One of the first visualizations I attempted that was not part of a community project was a visual resume. I loved seeing the visual resumes that others had published. I had just redone my paper version in more of a graphic style the prior year and wanted to try my hand at a data visualization as well. There was 25+ years of full time work experience to fit in and tell the story of my career. This was not an easy task even when trying to accomplish it on paper never mind a new medium.
My #MakeoverMondays are quick hits once a week to keep in practice. I have a bit longer for #ProjectHealthViz and #IronQuest. This was a prime opportunity for a more lengthy review and revision. There was no deadline and I was doing it for my own gratification fortunately not to secure a new position. As it turned out my visual resume was a year-long process of contemplation and iteration. I was lucky to receive feedback from many people I respect. I struggled with the best way to incorporate a variety of feedback some of which conflicted and that contributed to some of the delay in publishing.
There were two things that were really challenging throughout the process. The first was that I was never satisfied. Even now I have not achieved the crispness and professionalism I admire in so many other visual resumes. All the same it was time to move forward, publish the viz and recognize all who had spent time assisting me. The other challenge was how to handle conflicting feedback from people I admired. As I chased my elusive goal of achieving a sense of satisfaction, I continued to reach out to people whose work I admired. Sometimes the feedback was exactly what I needed. Other times the feedback I received conflicted with prior feedback and occasionally it conflicted with deliberate choices I made.
To be fair I included controversial visual elements. People seem to either love Sankeys or hate them. It often feels like people use them to show off in one way or another. Perhaps I was doing the same here but I felt like it was the chart that best represented how my skills and experiences layered on top each other. I use things I have learned from every job I have held.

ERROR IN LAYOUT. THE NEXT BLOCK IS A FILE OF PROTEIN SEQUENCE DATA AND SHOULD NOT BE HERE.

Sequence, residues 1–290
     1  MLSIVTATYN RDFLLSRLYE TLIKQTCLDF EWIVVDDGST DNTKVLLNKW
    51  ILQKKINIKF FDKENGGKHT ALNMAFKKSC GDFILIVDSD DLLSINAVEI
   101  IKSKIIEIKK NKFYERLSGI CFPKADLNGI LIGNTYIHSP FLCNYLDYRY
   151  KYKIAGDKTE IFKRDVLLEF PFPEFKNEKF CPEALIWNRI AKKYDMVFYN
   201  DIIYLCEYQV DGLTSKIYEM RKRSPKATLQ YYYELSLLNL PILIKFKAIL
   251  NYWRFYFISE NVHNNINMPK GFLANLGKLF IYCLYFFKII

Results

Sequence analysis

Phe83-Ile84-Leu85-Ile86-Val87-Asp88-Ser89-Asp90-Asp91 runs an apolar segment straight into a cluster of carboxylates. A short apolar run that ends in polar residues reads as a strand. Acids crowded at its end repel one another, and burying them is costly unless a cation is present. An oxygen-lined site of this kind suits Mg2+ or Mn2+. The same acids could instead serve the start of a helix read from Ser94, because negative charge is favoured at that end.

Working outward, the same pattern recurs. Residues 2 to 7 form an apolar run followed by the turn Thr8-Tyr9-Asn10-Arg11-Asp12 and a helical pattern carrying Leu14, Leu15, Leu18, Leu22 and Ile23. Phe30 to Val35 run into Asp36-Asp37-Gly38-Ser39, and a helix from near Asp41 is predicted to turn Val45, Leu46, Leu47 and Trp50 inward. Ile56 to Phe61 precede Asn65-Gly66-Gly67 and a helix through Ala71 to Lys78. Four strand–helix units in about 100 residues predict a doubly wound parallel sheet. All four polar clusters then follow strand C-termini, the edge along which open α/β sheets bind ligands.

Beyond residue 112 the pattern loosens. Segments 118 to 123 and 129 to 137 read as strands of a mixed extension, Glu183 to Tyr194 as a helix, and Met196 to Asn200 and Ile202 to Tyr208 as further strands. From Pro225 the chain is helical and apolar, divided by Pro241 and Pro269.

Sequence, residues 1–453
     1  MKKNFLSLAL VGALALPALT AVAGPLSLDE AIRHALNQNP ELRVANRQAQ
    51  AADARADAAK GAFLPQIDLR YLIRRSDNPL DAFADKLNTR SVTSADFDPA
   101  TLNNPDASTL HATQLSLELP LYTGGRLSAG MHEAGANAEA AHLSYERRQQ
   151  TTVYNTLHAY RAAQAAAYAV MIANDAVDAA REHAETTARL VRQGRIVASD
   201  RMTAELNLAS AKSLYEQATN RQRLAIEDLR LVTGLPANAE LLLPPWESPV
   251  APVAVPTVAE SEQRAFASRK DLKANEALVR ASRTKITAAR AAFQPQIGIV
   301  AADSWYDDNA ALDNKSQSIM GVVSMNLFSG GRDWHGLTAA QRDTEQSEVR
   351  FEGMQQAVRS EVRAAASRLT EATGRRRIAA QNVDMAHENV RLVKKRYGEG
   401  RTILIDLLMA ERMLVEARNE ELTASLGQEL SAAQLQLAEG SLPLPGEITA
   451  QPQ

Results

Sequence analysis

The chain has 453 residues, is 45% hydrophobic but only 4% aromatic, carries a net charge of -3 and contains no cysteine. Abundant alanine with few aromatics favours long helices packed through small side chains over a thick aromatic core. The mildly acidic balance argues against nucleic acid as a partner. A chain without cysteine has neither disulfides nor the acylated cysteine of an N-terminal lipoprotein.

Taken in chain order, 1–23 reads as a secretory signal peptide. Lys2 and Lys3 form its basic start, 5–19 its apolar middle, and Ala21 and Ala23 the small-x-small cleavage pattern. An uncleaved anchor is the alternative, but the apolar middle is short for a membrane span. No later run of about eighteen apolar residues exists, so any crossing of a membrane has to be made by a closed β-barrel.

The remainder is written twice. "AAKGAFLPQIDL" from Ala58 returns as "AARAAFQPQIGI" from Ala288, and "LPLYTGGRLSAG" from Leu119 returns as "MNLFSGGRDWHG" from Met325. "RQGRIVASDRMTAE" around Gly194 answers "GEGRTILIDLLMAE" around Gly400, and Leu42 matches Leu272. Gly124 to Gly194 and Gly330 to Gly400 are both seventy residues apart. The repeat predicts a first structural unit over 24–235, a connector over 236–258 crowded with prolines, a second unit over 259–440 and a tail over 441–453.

The Sankey as the main element really did not change that much nor did much of the content though I tuned and enriched it. The color and layout changes were extreme. I got great feedback from Josh Smith and Erik Rettman as part of #TheFeedbackLoop. Josh gently encouraged me to explore other color choices that were not so “jarring”. Believe me he said it in the nicest most supportive way possible and I knew he was right. Erik Rettman suggested I use Ken Flerlage’s curvy timeline and this became my second big element. This is one of the most interactive visualizations I have created with tons of additional content included in hover over tooltips. I wanted to include icons, visual elements and details about my personal life as well as professional life. I wanted someone to be able to look at this and get a picture of who I am and what I care about.
I went from a wide display that would have required scrolling across and would have blown up anyone’s screen to the current long form. I LOVE my bright pinks and vivid Hue Circle color palette but I recognize it might have been a little over the top. My second revision went too far in the other direction relying on the Color Blind palette. In the end it was a recommendation from Maria Brock to pick one primary and two secondary complimentary colors. She also recommended a more muted palette.
I loved how Lindsay Betzendahl incorporated her vizzes into her resume and she helped me do the same. That helped me include additional visual elements but the opening was still at odds with the playful nature I was trying to capture. Bridget Cogley helped identify that my opening read too much like a LinkedIn profile and that I had the opportunity to bring more personality to the text.